Dr. Juli Sarris, Adjunct Faculty at the Universities of Colorado Boulder and Denver, completed a two-week Specialist project in Cyprus in which she led workshops on a variety of topics, including teacher peer observations, assessment, CLIL methods, and teaching in multicultural/multilingual classrooms with a focus on reducing bias. The project spanned both sides of the United Nations Buffer Zone with workshops in the Greek Cypriot community in the south as well as in the Turkish Cypriot community in the north. Participants included in-service public school teachers, intensive English program teachers, and pre-service teachers at universities.
“What I liked the most were the teachers I met and worked with” Sarris noted. “I appreciated exchanging teacher stories, strategies, and ideas with them, and noticing with them how much we all have in common as teachers and as people.” Through this project, Sarris observed the similarities in passion and commitment that teachers have throughout Cyprus and across the globe which reinforced to her “the important role that teachers play in students’ lives and in our collective future.”
Dr. Sarris drew from her work in classroom observation at the Universities of Colorado Boulder and Denver to prepare the workshops for this project. She regularly conducts observations with teachers working on their masters degrees and shared these materials including rubrics, guidelines, and best practices with workshop participants. Sarris’s approach to teacher observation centers on positivity and empowerment rather than judgement. In her own observations and in sharing best practices with workshop participants, she focused on the methods and strategies used to scaffold and differentiate instruction for multicultural, multilevel, and multilingual students.
“During the workshop, I was struck by how engaged and enthusiastic these teachers were in learning a new strategy for improving their practice,” Sarris explained. “Their focus was firmly grounded in doing the hard work of being the best teachers they could be for their students.” The Specialist added that she was inspired by the reaction of the Cypriot participants she worked with. The teachers were so “engaged and enthusiastic,” even when presented with ideas and new ways of thinking that may have been very different from typical classroom norms.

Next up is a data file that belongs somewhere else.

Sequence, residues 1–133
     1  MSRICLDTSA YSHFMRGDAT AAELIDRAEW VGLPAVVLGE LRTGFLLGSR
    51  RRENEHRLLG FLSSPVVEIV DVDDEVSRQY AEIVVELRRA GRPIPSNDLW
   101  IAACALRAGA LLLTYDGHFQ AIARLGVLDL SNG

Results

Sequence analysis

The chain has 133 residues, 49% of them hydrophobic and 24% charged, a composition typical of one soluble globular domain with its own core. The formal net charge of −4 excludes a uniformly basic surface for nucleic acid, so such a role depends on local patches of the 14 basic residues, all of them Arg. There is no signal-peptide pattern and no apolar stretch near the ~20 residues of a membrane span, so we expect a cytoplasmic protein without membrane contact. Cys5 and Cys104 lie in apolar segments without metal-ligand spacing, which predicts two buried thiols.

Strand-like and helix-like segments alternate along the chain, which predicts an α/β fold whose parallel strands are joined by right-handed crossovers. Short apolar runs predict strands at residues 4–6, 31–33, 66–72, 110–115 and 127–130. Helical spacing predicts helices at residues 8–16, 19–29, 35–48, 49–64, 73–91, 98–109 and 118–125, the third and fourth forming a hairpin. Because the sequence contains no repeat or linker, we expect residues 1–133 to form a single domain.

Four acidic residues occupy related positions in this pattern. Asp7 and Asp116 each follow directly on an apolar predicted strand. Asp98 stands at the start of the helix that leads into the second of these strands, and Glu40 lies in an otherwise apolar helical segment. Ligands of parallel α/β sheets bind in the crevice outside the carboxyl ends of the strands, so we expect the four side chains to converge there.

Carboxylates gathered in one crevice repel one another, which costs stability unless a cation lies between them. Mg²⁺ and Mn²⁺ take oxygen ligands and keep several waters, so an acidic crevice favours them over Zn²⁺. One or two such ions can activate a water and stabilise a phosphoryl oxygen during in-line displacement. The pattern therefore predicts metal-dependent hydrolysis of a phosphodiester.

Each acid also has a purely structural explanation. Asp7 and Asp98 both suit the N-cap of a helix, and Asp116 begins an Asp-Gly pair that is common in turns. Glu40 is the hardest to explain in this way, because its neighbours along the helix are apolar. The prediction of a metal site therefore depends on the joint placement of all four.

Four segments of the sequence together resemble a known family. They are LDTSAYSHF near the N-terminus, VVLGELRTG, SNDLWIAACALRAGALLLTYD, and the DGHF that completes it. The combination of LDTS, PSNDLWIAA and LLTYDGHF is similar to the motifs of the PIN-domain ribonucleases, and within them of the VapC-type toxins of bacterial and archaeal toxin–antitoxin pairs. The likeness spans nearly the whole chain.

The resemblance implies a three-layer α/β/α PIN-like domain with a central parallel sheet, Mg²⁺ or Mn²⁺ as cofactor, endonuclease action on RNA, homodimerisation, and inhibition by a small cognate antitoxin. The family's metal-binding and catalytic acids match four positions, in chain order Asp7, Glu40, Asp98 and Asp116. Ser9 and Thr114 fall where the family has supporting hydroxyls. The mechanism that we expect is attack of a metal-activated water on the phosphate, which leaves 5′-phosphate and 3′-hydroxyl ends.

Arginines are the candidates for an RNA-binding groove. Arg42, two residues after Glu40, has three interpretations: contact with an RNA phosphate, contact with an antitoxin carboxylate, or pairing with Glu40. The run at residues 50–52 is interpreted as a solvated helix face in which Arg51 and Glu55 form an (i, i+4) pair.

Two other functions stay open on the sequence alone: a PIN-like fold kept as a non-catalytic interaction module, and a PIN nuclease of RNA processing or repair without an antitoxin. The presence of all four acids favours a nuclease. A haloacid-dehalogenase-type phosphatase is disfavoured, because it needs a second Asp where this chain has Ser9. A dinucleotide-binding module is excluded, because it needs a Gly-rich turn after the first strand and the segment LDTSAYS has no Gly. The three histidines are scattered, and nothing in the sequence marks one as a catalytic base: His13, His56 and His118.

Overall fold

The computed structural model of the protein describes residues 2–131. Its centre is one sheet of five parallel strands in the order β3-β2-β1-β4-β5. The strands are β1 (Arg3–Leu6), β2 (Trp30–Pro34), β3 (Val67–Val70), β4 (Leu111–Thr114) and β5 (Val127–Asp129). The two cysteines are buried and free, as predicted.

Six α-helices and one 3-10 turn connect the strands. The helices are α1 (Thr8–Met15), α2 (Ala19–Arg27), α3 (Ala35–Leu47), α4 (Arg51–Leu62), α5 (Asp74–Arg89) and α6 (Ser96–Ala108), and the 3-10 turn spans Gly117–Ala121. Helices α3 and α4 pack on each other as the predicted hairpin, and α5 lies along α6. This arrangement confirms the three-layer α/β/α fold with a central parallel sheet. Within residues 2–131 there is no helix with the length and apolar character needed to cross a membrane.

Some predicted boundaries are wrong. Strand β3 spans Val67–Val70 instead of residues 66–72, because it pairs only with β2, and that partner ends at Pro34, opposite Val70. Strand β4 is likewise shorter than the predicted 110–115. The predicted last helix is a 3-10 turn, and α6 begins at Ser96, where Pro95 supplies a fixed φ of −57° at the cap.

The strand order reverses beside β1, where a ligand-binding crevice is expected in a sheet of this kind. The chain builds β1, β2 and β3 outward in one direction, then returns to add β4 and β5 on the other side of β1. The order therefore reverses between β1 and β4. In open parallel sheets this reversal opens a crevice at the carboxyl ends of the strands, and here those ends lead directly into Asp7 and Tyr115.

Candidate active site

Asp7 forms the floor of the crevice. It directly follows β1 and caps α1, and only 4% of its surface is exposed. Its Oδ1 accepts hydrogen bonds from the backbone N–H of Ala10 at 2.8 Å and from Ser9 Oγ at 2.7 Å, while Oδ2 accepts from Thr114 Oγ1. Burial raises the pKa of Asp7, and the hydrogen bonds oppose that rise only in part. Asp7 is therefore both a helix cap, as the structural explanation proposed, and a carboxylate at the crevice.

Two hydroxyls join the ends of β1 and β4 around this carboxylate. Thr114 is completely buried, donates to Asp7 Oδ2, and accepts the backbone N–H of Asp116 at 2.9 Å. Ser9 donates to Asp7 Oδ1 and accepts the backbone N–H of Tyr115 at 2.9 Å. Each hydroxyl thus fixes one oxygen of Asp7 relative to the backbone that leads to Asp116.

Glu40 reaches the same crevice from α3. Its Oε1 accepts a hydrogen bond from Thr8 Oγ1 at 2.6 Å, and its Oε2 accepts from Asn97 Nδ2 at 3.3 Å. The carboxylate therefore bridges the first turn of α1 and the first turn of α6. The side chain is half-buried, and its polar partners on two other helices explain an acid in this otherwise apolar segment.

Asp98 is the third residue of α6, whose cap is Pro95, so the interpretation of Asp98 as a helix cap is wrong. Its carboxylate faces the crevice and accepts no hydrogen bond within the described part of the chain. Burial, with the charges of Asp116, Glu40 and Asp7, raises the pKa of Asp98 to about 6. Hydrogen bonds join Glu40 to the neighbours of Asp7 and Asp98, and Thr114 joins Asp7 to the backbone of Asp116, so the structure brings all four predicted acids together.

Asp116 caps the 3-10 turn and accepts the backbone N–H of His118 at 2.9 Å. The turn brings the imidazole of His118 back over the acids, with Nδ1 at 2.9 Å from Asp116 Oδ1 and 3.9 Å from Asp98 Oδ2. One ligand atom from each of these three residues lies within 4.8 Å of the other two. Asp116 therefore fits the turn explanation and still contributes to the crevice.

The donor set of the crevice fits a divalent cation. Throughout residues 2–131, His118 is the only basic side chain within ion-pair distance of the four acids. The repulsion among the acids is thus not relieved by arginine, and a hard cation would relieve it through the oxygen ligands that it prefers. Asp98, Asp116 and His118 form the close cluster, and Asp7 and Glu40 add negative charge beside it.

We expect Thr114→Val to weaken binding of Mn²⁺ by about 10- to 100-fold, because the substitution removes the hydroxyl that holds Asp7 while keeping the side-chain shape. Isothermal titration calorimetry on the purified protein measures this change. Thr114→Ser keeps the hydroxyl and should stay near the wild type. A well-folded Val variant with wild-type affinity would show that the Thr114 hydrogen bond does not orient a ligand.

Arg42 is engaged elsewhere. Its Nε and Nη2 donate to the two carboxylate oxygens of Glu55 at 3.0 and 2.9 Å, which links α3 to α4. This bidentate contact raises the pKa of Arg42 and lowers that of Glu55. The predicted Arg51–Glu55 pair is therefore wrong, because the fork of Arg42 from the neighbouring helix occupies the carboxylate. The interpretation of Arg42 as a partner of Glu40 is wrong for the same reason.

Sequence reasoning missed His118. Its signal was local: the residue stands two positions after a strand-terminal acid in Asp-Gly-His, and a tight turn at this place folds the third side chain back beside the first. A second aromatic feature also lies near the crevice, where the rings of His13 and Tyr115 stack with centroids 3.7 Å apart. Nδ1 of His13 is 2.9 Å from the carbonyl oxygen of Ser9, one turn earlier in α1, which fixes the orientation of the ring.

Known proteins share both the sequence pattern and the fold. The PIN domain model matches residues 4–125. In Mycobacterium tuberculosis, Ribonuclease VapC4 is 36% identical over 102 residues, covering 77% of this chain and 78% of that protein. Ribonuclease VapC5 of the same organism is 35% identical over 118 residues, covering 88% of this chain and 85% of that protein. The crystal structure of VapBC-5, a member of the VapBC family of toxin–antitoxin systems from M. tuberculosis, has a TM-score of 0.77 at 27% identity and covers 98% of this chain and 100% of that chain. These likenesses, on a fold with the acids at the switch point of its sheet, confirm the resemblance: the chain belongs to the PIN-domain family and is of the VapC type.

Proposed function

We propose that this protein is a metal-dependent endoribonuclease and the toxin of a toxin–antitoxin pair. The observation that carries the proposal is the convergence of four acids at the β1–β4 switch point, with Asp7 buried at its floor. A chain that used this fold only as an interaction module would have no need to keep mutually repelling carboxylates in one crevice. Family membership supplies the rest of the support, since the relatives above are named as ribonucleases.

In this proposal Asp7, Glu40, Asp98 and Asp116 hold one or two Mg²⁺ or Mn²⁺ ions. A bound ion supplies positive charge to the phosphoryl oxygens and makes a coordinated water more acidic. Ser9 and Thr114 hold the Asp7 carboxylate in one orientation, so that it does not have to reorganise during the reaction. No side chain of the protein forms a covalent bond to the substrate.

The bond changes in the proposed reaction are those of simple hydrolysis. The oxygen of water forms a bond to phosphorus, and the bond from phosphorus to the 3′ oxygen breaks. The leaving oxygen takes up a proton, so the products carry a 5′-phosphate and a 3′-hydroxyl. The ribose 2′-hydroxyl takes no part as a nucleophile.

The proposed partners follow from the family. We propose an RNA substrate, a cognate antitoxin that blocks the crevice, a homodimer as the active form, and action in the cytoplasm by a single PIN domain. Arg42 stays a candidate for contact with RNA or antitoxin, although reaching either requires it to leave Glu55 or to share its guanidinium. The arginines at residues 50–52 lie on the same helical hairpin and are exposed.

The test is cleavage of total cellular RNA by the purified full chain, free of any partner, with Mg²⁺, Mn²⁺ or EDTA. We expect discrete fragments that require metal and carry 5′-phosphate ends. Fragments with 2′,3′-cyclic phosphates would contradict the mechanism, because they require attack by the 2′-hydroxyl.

In addition to impacting Cypriot English teaching communities, Sarris’s Specialist project also influenced her own perspective towards teaching in the United States as well as her family and friends’ understanding of Cyprus. “I think the project has enabled me to bring cultural comparisons and contrasts into my work with in-service teachers,” Sarris shared. “I can better expand their understanding of how other countries “do school” and how teachers in Cyprus have similar concerns, challenges, and successes that U.S. teachers do.” Following this project, Sarris has also been able to offer an expanded understanding of the role of English outside of the United States to in-service teachers in Colorado, which has helped them empathize with students who immigrated to the United States.
While in Cyprus, Dr. Sarris shared stories about her work with friends and family back home and, in addition, she shared stories of adventures in navigating the local grocery store and trying new foods, for example. In particular, family and friends back home enjoyed hearing and seeing stories of an octopus dinner and a trip to a local church. “This was all a learning experience for many of my friends and family, most of whom knew very little about Cyprus and none of whom had ever been there,” Sarris explained.
The role of citizen diplomat through the English Language Specialist Program was new to Sarris and, as she noted, “such a remarkable privilege.” She explained that being in the classroom and observing outstanding teachers in action abroad is one of the most inspiring and rewarding parts of her job as an educator. “The teachers I worked with, both Greek and Turkish Cypriot, reminded me of this important role, and re-energized my own teaching and interactions with my own students when I returned to the United States,” explained Sarris.
Dr. Julia Sarris holds a PhD in Education, Social, Multicultural and Bilingual Foundations from the University of Colorado Boulder. She also holds an MA in Linguistics/TESOL. She has taught English as an additional language in the United States for many years, with students from more than 50 different countries. She currently teaches K-12 teachers through the Universities of Colorado Boulder and Denver. Dr. Sarris’s teaching philosophy is centered on her students, and she believes in teaching every student, every day such that all students can reach their potential. She feels that to reach that goal, teachers need the best training and support possible, particularly for teachers working in multicultural and multilingual classrooms. Dr. Sarris and her husband live in Boulder, and enjoy hiking, camping, and being outdoors in Colorado’s mountains.